volume vol
word word
wrapper wrap (Note that <book-part-wrapper> is an exception to this abbreviation rule, made because <book-part-wrapper> is a top-level element, not an ordinary container element like <table-wrap>.)
File Naming Conventions
This Tag Library describes the components for BITS. BITS is distributed as a DTD, an XSD schema, and a RELAX NG schema. For the DTD, the base DTD module (delivered as the files BITS-book2-1.dtd and BITS-book-oasis2-1.dtd) calls in all the other DTD fragment modules as external parameter entities. Each module specific to this Tag Set (therefore, not part of the JATS Suite) takes the prefix “BITS”. The same prefix has been followed in the other two constraint languages/schemas.
Each DTD and DTD fragment module has been assigned a unique formal public identifier (fpi). File names are never referenced directly in the DTD; the file is referred to by the name of an external parameter entity, which names the fpi and a system name for the file. The external parameter entity name has been set to the initial delivery filename, that is, with the version number not part of the name.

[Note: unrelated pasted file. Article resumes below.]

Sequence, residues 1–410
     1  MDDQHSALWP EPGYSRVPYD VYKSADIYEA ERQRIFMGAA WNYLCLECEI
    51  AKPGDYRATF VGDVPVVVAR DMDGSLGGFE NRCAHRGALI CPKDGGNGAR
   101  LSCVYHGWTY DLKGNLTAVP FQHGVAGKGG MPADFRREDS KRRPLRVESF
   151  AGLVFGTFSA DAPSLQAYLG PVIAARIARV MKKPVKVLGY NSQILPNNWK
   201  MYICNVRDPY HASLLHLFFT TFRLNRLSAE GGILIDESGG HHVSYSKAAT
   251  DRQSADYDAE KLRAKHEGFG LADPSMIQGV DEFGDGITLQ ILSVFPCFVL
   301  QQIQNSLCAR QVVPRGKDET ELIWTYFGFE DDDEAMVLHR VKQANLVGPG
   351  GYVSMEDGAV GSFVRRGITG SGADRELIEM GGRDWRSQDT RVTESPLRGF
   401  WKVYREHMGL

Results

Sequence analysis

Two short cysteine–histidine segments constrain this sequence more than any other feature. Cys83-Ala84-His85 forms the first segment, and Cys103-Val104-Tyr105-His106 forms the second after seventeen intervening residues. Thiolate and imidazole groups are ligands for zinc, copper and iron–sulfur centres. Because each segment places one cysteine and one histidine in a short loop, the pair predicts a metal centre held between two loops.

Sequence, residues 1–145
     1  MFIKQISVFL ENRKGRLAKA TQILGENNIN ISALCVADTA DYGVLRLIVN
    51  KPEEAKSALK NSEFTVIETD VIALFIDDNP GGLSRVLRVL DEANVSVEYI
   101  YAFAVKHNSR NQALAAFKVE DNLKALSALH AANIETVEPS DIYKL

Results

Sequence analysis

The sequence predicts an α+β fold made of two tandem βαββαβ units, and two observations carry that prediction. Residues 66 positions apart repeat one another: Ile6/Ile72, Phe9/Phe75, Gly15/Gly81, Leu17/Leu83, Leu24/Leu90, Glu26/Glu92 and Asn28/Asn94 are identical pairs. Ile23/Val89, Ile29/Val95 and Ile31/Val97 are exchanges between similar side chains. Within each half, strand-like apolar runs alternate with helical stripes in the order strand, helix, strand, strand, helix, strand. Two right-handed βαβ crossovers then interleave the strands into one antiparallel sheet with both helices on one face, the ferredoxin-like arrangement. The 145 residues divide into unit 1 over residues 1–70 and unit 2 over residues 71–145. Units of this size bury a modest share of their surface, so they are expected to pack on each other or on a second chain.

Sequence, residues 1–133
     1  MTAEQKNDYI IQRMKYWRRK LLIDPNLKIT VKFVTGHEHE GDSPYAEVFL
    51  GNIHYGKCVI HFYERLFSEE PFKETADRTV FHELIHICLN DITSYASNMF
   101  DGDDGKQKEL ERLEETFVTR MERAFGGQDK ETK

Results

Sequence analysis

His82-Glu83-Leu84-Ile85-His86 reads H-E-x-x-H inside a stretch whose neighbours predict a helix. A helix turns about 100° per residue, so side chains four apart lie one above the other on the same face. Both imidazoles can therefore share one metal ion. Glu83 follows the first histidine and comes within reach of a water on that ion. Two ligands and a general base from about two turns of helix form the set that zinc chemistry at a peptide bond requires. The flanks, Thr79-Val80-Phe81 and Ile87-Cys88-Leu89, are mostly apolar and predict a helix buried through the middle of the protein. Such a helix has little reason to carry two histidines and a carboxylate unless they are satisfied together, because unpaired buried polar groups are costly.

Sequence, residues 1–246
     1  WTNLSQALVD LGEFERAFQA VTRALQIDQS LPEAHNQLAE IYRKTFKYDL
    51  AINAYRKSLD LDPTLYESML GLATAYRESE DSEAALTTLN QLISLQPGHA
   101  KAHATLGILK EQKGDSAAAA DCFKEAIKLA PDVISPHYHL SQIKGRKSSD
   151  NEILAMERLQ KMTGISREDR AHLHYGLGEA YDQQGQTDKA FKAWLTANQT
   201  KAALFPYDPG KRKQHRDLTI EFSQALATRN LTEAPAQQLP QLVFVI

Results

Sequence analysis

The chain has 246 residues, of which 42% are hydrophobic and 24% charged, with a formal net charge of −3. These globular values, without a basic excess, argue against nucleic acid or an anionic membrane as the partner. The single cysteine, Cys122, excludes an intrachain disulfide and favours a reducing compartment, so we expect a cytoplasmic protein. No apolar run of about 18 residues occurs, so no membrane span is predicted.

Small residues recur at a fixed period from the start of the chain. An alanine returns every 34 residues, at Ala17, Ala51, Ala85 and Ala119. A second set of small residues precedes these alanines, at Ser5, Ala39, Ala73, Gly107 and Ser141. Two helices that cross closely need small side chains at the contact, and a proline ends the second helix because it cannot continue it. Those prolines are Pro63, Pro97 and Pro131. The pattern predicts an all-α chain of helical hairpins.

The two BITS DTDs, the individual BITS and JATS DTD-fragment modules of this Tag Set and the Suite, the XSD schema modules, and the RELAX NG schema modules have been given DOS/Windows 3-digit suffixes indicating their type:
A module that can be used as the top level of an XML hierarchy. Used for the two BITS top level modules (BITS-book2-1.dtd and BITS-book-oasis2-1.dtd) but also as the suffix for several public tag set modules that have been included in this Tag Set such as the MathML Tag Set and the JATS XHTML-inspired Table Module.
A DTD fragment for incorporation into a full DTD. May contain element declarations, entity declarations, etc., for example, BITS-index2-1.ent.